Fifty years ago, ecologists interested in the stability of food webs at first mistakenly concluded that more complexity — more species and a greater density of links among them — would tend to make an ecosystem more stable. This turned out to be wrong. Later work by noted ecologist Robert May demonstrated that while healthy ecological networks are rich and diverse, too much complexity tends to make them unstable and prone to collapse. Loosely speaking, networks with too much complexity can go wrong in too many ways.

One of the papers referenced was by Caccioli, Marsili and Vivo, titled Eroding market stability by proliferation of financial instruments:

We contrast Arbitrage Pricing Theory (APT), the theoretical basis for the development of financial instruments, with a dynamical picture of an interacting market, in a simple setting. The proliferation of financial instruments apparently provides more means for risk diversification, making the market more efficient and complete. In the simple market of interacting traders discussed here, the proliferation of financial instruments erodes systemic stability and it drives the market to a critical state characterized by large susceptibility, strong fluctuations and enhanced correlations among risks. This suggests that the hypothesis of APT may not be compatible with a stable market dynamics. In this perspective, market stability acquires the properties of a common good, which suggests that appropriate measures should be introduced in derivative markets, to preserve stability.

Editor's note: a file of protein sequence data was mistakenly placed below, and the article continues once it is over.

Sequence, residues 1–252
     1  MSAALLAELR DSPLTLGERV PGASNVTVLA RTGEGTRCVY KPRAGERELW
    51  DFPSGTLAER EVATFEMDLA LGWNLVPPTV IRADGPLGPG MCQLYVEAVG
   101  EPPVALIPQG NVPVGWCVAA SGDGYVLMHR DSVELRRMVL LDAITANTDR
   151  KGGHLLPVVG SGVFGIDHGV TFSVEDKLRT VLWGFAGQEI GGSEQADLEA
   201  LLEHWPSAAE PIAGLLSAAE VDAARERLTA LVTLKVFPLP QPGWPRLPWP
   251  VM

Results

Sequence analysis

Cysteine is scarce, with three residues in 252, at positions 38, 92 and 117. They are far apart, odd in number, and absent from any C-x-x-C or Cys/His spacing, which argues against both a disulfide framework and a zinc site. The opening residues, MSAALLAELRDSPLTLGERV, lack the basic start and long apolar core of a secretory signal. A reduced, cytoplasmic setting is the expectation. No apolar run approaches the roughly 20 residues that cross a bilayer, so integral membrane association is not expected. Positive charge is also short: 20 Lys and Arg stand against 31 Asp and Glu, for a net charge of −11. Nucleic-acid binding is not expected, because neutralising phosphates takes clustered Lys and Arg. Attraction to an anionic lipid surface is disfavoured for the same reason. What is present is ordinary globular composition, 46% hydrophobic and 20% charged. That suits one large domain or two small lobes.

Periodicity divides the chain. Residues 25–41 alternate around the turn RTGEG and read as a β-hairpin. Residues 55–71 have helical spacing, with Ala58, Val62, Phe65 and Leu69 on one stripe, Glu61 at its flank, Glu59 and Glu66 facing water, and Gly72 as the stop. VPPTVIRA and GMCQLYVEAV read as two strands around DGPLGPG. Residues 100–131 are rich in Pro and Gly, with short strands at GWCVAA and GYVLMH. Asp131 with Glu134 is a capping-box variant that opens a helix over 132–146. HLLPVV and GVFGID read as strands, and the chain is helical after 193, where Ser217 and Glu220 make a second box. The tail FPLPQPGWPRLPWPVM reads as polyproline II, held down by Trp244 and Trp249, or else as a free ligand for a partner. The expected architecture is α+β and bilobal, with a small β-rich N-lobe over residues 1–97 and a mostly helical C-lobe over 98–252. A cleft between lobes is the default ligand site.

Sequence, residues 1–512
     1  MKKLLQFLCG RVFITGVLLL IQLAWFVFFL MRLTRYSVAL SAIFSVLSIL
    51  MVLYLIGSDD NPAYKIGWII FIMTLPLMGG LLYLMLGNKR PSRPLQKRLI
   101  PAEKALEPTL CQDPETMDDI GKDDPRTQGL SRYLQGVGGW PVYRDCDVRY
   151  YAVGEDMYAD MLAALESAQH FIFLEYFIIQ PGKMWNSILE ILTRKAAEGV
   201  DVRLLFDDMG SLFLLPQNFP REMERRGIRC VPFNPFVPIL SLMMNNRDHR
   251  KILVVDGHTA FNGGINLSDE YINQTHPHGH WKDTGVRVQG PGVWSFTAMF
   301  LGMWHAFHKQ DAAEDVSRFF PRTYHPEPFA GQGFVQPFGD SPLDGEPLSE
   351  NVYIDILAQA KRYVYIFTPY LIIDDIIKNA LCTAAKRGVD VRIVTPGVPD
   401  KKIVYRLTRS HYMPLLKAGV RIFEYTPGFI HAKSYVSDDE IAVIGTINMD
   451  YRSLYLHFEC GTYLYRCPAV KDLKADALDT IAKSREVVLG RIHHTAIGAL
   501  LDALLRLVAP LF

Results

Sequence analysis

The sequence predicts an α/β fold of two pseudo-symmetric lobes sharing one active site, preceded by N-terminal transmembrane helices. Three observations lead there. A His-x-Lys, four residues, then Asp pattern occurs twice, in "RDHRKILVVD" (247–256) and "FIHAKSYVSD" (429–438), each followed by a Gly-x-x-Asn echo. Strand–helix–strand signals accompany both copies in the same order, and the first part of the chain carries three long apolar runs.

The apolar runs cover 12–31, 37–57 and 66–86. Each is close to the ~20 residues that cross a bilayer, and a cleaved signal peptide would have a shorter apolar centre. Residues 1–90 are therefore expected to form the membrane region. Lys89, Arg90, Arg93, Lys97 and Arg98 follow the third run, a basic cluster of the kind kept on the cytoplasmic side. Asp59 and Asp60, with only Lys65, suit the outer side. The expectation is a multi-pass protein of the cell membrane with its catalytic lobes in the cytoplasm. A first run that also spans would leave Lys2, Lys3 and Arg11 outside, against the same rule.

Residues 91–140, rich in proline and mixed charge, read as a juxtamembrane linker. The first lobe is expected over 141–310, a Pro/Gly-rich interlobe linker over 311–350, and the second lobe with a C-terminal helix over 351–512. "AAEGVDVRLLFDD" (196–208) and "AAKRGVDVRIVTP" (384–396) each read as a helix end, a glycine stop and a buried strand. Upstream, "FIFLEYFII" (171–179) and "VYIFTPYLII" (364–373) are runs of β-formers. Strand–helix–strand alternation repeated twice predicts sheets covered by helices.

This basic thesis has been known for some time. One of the reasons the US long bond futures contract was designed the way it was – with Cheapest To Deliver options for the seller, as well as a certain amount of leeway in delivery times – was to make it more complex. More complexity makes it harder to analyze, which encourages liquidity since there will be a range of views regarding the fair price of the instrument given the same data from the physical market.

In practice, markets are never perfectly liquid. The very fact that information can be aggregated into prices, requires that prices respond to trading (see e.g. [6] for evidence on FX markets or [5] for equity markets). In other words, it is because markets are illiquid that they can aggregate information into prices. Liquidity indeed is a matter of time scale and volume size [4, 5]. This calls for a view of financial markets as interacting systems. In this view, trading strategies can affect the market in important ways. Both theoretical models and empirical research, show that trading activity implied by derivatives affects the underlying market in non-trivial ways [10].